We’ve had over 300 people joining our two webinars on the new tax law! Thank you to everyone who joined us, and particularly those who provided feedback!

If you missed either of these sessions and/or are interested in our materials (donor friendly text for a response pamphlet and an opinion article on the new law), CLICK HERE to purchase the package.

Tax Law Briefing Package includes:

  • Two webinar recordings (one for nonprofit leaders and one geared for  your supporters)
  • The actual PowerPoints for each webinar, to use as you wish
  • Full pamphlet language to create your own response piece)
  • Opinion article – written specifically for your newsletters


IRA Rollover Giving – IS Your Org Eligible?

Image result for what type of organization tax exempt

Should be an easy question.  Except that it isn’t always so clear.

With IRA giving (donors age 70.5+) becoming particularly important in light of the new tax law, your nonprofit may want to read this post carefully.

  1. Private Foundations and Supporting Organizations are NOT eligible to receive qualified IRA rollover gifts.
  2. A Supporting Organization (SO) is one which was founded and received its exemption under IRS Code Section 509(a)(3) (there are 3 types of SOs – all are not eligible – not relevant to this post).

Last week, a question came via a client.  It was a religious entity upset that they are a SO – what can they do about accepting IRA rollover gifts?

Answer:  find out if your organization is definitely an SO or not!  Someone may have thought you are one and checked off that box on the 990 or some other form (when, in fact, the org is something else).

First, look at your 990 return – your accountant may have checked off the box saying that you are an SO!  DON’T ASSUME THAT IS ACTUALLY THE CASE.

Next, call the IRA tax exempt hotline (pretty short waits) – and ask them what they have you as.  AGAIN, DON’T ASSUME THEY ARE CORRECT EITHER.

Next, look at your incorporation documents and preferably a copy of your original IRS form 1023 application for exemption – what do they say?

Incorporation docs and your 1023 rule over anything else (call me if you have a discrepancy between the incorporation docs and your 1023!).

Many times accountants who file the 990s make mistakes and the IRS doesn’t question them.  Your organization can go on for years filing under as the wrong type of organization.  All the IRS cares about for 990s is that they are filed – not whether they are particularly accurate – as long as the numbers are generally sound.

I am sure there are thousands of nonprofit public charities which are in fact SOs!!  If  your organization is some sort of subsidiary, controlled by a parent charity (as long as the parent controls the board membership), you might be an SO.  SOs were an easy route to gain exemption status by “pigging-backing” on the parent’s exemption (and maintaining control of the subsidiary).

It doesn’t matter if your organization no longer resembles an SO.  Until you amend your articles of incorporation and refile your 1023, your org is what it started out as.

Of course, there may be many orgs which think they are SOs – because of an error on the 990s or other mistaken approaches – but are really NOT.

Go back to the beginning.  You might be surprised. I had the IRS telling me definitively that a client was an SO.  But, I kept digging (no one had the 1023 or articles of incorporation) and eventually figured out that the so-called parent church’s attorney thought they were an SO and told the IRS on one of their forms.  They lost their exemption retroactively for not filing 990s (they were actually a religious org that wasn’t required to file 990s).  In the IRS’s system – they were switched to an SO and that was it.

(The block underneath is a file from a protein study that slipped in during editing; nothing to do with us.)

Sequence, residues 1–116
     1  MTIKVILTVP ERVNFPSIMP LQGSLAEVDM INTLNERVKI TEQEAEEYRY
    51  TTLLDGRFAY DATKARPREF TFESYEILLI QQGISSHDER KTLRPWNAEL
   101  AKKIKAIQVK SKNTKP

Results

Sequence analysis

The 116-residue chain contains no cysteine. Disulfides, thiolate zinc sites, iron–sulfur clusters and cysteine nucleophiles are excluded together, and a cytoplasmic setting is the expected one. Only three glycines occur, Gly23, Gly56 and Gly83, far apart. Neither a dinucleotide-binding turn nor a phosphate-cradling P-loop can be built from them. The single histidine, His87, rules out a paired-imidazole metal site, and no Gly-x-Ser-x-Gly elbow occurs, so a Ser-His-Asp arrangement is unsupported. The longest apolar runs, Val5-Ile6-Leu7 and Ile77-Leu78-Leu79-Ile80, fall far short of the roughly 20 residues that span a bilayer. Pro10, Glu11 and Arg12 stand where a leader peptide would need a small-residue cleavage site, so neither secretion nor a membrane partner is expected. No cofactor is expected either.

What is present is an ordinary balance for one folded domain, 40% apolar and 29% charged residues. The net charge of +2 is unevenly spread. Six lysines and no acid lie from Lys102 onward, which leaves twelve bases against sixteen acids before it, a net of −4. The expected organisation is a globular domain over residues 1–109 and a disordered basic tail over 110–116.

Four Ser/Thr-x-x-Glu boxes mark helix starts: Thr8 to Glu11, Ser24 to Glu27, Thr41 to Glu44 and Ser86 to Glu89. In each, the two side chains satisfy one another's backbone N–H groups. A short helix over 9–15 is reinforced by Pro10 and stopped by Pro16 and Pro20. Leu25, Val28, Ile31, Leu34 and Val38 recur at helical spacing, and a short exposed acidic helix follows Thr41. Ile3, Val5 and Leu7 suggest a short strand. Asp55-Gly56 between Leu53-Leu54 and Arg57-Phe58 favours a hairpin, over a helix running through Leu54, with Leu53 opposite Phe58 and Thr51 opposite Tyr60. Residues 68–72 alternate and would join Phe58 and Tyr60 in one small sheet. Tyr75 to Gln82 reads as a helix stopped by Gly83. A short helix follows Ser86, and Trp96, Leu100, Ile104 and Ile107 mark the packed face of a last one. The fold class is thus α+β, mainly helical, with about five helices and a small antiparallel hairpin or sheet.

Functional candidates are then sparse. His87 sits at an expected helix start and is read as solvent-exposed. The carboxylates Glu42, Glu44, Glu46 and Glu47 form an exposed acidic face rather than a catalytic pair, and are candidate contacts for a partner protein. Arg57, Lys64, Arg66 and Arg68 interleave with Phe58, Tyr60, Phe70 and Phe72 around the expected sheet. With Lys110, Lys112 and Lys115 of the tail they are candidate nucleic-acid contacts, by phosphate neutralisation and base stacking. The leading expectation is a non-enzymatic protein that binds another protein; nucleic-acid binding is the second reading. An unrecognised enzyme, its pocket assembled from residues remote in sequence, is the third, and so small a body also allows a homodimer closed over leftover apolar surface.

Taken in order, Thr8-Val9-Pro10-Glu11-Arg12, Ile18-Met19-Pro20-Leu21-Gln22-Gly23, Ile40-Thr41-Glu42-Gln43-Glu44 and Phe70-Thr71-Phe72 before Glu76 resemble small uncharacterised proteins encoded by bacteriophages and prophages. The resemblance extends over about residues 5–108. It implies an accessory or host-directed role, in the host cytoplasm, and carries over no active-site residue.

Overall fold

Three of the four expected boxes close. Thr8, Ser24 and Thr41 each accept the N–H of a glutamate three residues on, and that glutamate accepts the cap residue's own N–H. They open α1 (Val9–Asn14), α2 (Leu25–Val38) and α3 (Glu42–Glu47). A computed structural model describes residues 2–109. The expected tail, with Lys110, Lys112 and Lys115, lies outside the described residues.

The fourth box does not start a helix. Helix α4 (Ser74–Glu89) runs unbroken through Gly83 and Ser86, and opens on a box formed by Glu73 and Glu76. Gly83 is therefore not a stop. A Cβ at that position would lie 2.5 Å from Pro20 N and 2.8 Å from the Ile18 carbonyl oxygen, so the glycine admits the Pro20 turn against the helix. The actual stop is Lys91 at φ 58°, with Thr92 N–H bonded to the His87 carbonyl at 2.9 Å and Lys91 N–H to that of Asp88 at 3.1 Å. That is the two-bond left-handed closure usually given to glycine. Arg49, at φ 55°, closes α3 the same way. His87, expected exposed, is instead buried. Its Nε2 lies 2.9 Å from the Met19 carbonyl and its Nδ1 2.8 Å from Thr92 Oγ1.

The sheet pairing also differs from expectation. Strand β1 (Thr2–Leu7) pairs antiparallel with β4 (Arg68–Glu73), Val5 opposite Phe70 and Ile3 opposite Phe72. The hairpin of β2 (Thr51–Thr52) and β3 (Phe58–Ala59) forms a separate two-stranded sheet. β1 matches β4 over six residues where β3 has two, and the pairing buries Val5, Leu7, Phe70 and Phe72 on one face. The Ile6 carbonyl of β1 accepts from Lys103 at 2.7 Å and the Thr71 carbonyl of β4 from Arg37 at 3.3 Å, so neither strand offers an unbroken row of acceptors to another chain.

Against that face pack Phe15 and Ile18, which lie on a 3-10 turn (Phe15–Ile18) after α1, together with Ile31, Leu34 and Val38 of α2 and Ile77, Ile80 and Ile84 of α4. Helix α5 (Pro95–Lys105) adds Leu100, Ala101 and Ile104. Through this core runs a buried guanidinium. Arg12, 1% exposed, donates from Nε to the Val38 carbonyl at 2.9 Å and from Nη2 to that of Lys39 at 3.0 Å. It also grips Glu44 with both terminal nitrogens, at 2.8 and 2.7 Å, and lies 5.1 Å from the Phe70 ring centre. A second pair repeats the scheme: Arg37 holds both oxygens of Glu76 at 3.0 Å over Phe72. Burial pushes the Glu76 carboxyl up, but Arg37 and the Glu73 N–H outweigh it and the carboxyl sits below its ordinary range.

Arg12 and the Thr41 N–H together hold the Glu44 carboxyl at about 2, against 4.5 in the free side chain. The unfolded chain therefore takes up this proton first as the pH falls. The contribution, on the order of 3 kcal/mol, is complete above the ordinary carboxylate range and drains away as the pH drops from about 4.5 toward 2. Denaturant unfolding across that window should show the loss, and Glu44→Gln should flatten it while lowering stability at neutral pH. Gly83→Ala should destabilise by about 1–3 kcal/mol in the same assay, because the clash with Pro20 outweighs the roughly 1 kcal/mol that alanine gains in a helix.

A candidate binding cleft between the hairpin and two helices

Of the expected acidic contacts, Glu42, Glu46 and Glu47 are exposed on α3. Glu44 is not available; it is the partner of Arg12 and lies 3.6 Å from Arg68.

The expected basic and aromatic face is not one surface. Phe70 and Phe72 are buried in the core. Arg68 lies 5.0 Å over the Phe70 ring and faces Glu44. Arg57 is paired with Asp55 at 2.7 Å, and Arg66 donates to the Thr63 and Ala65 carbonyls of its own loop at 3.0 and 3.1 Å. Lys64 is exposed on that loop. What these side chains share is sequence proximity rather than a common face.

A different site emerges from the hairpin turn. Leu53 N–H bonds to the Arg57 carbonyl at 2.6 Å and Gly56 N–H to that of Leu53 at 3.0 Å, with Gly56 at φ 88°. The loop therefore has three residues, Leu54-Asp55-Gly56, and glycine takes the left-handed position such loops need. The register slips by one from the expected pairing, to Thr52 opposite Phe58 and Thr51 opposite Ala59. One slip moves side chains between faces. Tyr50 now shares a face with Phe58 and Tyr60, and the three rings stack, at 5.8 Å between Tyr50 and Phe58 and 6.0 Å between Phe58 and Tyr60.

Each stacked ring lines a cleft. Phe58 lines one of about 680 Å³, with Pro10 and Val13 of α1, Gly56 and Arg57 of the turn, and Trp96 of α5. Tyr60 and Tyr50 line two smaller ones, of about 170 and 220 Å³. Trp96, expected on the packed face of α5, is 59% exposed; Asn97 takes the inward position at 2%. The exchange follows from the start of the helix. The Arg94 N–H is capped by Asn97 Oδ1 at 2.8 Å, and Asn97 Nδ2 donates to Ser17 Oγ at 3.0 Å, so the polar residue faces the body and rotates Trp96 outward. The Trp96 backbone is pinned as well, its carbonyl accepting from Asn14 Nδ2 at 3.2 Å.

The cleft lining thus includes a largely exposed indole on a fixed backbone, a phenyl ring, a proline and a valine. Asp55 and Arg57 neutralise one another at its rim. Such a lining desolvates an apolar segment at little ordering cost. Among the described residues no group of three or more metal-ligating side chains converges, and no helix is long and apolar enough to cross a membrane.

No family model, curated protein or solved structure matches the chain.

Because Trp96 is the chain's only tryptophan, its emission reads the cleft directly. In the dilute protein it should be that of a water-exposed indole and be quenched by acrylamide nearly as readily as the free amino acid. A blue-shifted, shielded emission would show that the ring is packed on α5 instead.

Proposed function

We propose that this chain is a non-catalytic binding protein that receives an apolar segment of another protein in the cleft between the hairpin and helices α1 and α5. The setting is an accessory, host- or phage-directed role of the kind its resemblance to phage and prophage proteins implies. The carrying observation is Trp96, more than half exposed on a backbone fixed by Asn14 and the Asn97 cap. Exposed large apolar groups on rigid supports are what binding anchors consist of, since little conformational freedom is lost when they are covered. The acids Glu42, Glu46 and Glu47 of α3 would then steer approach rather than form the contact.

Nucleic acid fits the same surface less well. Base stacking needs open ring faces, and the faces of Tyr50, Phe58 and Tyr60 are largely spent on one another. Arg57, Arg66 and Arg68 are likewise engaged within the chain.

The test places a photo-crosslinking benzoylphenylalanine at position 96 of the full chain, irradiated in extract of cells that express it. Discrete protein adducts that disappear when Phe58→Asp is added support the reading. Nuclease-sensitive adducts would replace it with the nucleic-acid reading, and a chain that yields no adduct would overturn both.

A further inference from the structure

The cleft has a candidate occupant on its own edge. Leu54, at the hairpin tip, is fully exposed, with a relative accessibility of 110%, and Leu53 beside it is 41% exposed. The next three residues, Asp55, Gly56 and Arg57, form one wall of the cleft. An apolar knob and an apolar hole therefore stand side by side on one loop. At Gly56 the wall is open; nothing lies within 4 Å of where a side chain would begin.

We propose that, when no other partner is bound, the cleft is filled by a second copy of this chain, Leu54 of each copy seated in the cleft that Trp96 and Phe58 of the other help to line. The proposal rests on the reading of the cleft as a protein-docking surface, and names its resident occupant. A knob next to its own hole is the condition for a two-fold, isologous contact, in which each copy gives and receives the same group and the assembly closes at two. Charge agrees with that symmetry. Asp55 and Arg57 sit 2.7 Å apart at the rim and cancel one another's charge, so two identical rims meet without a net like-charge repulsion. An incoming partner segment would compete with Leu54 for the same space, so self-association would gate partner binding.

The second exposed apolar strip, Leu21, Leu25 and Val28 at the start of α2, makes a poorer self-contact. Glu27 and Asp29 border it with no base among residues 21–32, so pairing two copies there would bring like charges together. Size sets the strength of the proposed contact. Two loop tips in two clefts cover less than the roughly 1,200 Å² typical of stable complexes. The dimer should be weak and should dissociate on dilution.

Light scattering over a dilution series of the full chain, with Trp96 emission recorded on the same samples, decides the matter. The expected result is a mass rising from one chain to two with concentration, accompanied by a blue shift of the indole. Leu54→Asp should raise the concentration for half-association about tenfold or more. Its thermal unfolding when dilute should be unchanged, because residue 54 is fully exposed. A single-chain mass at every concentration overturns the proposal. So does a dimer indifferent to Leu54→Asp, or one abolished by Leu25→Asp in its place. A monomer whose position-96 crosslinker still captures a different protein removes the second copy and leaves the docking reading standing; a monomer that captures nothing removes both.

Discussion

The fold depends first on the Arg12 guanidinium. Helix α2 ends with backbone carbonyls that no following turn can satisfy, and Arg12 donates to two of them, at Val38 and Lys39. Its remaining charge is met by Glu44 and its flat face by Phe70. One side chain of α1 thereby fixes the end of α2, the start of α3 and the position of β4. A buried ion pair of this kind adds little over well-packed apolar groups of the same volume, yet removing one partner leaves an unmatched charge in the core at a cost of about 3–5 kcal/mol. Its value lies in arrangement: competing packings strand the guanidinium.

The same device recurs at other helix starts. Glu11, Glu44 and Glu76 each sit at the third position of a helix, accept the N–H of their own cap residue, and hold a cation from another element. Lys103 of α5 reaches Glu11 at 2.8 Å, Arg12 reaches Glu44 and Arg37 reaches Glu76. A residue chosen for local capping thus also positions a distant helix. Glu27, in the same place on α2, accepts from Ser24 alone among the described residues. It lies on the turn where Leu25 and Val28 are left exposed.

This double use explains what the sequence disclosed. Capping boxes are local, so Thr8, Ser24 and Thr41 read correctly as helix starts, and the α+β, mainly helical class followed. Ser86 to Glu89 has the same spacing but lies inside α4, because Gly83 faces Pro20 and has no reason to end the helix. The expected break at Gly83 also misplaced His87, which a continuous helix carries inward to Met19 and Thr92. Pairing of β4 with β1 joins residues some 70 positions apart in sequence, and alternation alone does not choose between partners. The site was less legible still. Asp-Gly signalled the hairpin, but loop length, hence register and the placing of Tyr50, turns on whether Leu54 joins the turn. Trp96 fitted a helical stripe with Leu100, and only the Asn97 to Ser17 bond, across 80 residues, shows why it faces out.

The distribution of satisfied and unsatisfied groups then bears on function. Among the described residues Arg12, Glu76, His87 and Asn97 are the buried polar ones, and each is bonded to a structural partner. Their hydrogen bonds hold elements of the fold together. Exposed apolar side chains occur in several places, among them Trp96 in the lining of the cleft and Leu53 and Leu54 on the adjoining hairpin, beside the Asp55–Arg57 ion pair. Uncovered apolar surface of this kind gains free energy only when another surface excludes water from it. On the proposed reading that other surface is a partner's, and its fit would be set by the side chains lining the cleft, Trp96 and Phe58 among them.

Eventually, they got it reversed but some damage was done.



Sorry – You may have missed our Donor-Friendly Webinar on the New Tax Law BUT you can register to receive the recording

On Jan. 22, we gave a Donor-Friendly Webinar Briefing on the New Tax Law (goal being that you can use the content for your own donor-friendly briefings and/or invite leadership to join the webinar).  This was the predominant request from among our 250 attendees to our initial briefing on the new tax law from last week (see below for comments on that session). 


In addition to receiving the actual PowerPoint and the recording link, you will also receive draft donor-friendly pamphlet language – included with your registration. 

Here is our first comment:

After sitting in your Tax Bill Seminar, I knew today’s seminar was something I needed.  Unfortunately, I joined in late and didn’t download the presentation.  Can the presentation be emailed to me?  And, I’m definitely looking forward to the information coming out in “donor” language in the next couple of weeks.  Really appreciate your explanations and not the typical “sky is falling” hype we’ve been getting.

Thank you as always for considering our programs.

Our Tax Briefing on Monday (1/8/18) was also a huge success – over 250 attendees logged-in to hear key points for nonprofit fundraisers on the new tax law!  CLICK HERE IF YOU WANT TO PURCHASE THE RECORDING

Sampling of comments we received after Jan. 8 Tax Law Briefing for Nonprofit Fundraisers:

“Thanks for the webinar today. Any chance you’d be interested in holding a seminar for donors about how the new tax bill might affect their charitable giving.”

“Thanks for your excellent presentation!”

“Thank you for the presentation last week.”

“Nice job on the presentation today.”

“Thoroughly enjoyed and was educated by your webinar today.”

“Thank you so much for an informative session this morning!”

“Thanks so much for the webinar presentation today regarding the 2018 Tax Law changes — I found it to be very helpful.”

“Thoroughly enjoyed the presentation this morning and got a number of questions answered, plus good direction for the future with the 70 1/2s and their IRAs. Thanks!”